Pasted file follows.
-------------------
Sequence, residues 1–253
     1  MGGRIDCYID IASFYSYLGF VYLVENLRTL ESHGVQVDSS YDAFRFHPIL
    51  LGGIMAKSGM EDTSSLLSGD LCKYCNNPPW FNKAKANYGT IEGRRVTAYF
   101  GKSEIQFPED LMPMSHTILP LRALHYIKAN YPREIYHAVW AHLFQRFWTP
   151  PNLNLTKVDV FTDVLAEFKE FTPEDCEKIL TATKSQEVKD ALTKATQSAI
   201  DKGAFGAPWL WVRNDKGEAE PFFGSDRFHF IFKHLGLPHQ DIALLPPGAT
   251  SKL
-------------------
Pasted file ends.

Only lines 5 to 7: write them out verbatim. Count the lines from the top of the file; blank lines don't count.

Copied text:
   151  PNLNLTKVDV FTDVLAEFKE FTPEDCEKIL TATKSQEVKD ALTKATQSAI
   201  DKGAFGAPWL WVRNDKGEAE PFFGSDRFHF IFKHLGLPHQ DIALLPPGAT
   251  SKL